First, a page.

EC Amoroso, who died at the age of 81, enjoyed a life marked with honour and crowded with friends. He graduated in medicine in 1929 from the National University of Ireland. By the end of his professional career, he had the unique distinction of being a fellow of four of the Royal Colleges: Surgeons in 1960, Obstetricians and Gynaecologists in 1965, Physicians in 1966, and Pathologists in 1973. He had been elected FRS in 1957, so far the only native-born West Indian to achieve that particular distinction.
The Trinidad into which ‘Amo’ was born was vastly different from what it is today. It was then a colony with a population of fewer than a quarter of a million, a small number privileged and rich, but most poor; a people of mixed and different blood; a polyglot world where Amo presumably began to acquire his remarkable linguistic gifts.
Amo was not born among the rich. Nor did he win one of the only four scholarships that were then available to native Trinidadians who wanted to study at a British university. In his early twenties, he managed to make his own way to Ireland where, after a short time, he was able to enter University College, Dublin - now the National University. A first-class mind, powered by a determination to succeed in the professional, sophisticated and competitive world to which he was attracted, did the rest. Prizeman throughout his years at the University, and then armed with a medical degree, he spent a year on a travelling scholarship in Germany before becoming, in 1933, a temporary demonstrator in histology and embryology at University College London.
Two years later he was appointed to a permanent post in the same disciplines at the Royal Veterinary College. After twelve years, he was elected to the chair of physiology, an office which he retained until his retirement in 1968, when he was made professor emeritus.
But it was retirement only in a statutory sense. Nothing could stop Amo from keeping abreast of, and working in, what had become his chosen field of study - reproductive physiology.
His first published paper (1931) was on the epithelium of the pancreas. It followed classical anatomical lines. Then came others on diverse topics. Twenty years passed before he began to focus on the problem of placentation, with which his name will be best remembered. Here his gift of synthesis found full play. He threw new light on the evolutionary adaptation of the placenta for viviparous reproduction, his conclusions being based not just on his own researches and experience as a microanatomist and general biologist, but on his familiarity with the literature in several disciplines.
His work always bore the mark of critical scholarship. He saw scientific problems ‘in the round’, and it was a manifestation of his nature that he never sought to impress by the dotting of i’s and the crossing of t’s, or by adding some trivial, even if interesting, new observation to generalisations that were already established.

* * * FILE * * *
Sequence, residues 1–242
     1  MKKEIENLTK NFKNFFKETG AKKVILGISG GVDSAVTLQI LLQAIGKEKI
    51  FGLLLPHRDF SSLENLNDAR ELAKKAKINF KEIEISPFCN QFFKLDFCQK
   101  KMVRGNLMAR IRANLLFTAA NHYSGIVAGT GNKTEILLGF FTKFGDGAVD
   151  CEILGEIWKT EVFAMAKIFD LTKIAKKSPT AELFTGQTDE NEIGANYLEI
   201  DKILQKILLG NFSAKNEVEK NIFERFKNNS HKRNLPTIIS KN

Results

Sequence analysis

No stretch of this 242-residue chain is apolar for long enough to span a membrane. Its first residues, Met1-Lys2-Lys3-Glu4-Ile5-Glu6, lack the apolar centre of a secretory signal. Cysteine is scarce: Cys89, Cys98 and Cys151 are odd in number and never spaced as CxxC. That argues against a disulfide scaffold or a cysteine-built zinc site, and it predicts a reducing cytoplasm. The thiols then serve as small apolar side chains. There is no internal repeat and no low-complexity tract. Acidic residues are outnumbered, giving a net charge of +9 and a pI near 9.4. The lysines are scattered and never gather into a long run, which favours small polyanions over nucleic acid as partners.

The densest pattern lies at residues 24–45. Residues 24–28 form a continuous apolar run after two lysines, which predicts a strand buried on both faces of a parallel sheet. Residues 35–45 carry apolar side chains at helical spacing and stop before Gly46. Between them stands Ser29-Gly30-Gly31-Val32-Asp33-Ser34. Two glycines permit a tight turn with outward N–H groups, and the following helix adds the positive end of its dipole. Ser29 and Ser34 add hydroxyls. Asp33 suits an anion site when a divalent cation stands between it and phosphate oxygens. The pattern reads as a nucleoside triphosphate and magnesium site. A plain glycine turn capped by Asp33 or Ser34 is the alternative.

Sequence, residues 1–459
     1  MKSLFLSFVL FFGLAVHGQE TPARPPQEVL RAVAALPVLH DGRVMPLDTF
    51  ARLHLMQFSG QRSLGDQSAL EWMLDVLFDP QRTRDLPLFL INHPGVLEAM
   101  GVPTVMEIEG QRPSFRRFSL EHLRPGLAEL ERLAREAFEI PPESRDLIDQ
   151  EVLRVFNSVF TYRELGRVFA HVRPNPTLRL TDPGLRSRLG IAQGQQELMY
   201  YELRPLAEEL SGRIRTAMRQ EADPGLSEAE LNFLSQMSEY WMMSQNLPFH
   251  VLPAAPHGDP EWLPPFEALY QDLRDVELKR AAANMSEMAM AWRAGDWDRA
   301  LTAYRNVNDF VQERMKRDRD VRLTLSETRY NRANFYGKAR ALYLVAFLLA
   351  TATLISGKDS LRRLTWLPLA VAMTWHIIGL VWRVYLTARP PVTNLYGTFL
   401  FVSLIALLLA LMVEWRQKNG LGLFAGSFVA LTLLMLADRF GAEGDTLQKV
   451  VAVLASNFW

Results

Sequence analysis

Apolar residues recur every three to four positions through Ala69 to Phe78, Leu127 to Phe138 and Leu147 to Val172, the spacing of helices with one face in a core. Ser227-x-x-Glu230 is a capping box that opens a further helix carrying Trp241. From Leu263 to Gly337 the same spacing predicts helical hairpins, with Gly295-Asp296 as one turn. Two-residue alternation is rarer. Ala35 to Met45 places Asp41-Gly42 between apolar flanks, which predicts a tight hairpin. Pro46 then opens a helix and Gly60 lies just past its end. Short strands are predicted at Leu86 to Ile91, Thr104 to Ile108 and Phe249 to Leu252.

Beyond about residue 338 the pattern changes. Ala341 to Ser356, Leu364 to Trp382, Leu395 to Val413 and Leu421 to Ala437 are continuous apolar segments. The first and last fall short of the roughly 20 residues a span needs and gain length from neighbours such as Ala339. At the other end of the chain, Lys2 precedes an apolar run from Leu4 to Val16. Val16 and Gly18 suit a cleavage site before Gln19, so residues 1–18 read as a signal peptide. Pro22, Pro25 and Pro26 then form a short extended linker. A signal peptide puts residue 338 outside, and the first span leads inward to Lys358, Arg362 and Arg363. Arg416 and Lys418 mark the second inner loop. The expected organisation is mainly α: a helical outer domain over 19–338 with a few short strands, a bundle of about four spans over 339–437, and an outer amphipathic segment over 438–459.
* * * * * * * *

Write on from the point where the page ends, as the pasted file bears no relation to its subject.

So it was that in his candidature for the fellowship of the Royal College of Physicians he listed as the first of his important publications, not some conventional monograph on a piece of personal research, but a review of ‘ovarian activity during gestation, ovum transport and implantation’, which he had contributed to a two-volume (now three-volume) work on the ovary.
Amo had an exceptional memory, and a gift for expression to which he gave full and pleasurable rein whether in a letter, or in the way he addressed an audience, or in his lectures to students, which were always delivered in the rotund classical manner that had been current in his student days. His way of saying things often sounded unduly flowery, but if he had said them differently, if he had stumbled over his words, if his sentences had not been properly phrased, it would not have been Amo. Amo was not one for the solitary life. His style was idiosyncratic, and no one would have guessed from his social graces, or in the way he smoked a cigar, that he had been a successful amateur boxer in his twenties.
In 1964, as chairman of the British Society of Endocrinology, he had to preside over the Second International Congress of Endocrinology in London. Amo was in his element. There was a flourish to all he did. The late George Corner, the foremost of the overseas guests at the conferences, tells in his memoirs how impressed and surprised he was when he found that he was to be furnished with a chauffeur-driven Rolls Royce during his stay in London. Only Amo, brought up in a country ruled over by a resplendent, plumed Governor, who presumably was driven about in a colourful carriage, could have thought of that.
The Zoological Society of London, of which he became a fellow in 1947, benefited greatly from Amo’s broad experience, his diverse interests, and his deep humanity.
When, in 1963, Sir Arthur Lewis resigned the vice-chancellorship of the new University of the West Indies, Amo was suggested as a possible successor. He seemed uninterested. If approached formally, he clearly must have declined, although later he became the representative for Trinidad and Tobago on a Commonwealth scientific committee. Amo preferred to stay in England, intellectually alert to the end, and always enjoying the glamour of life in the country that had once been the centre of the Empire, the centre to which he had been beckoned from a small colony sixty years before.
* Elected under the special bye-law which provides for the election to the fellowship of "Persons holding a medical qualification, but not Members of the College, who have distinguished themselves in the practice of medicine, or in the pursuit of Medical or General Science or Literature.."
† The list of honorary degrees is too lengthy to include in entirety.
[Brit.med.J., 1982, 285, 1569; Lancet, 1982, 2, 1230; Times, 4 Nov 1982]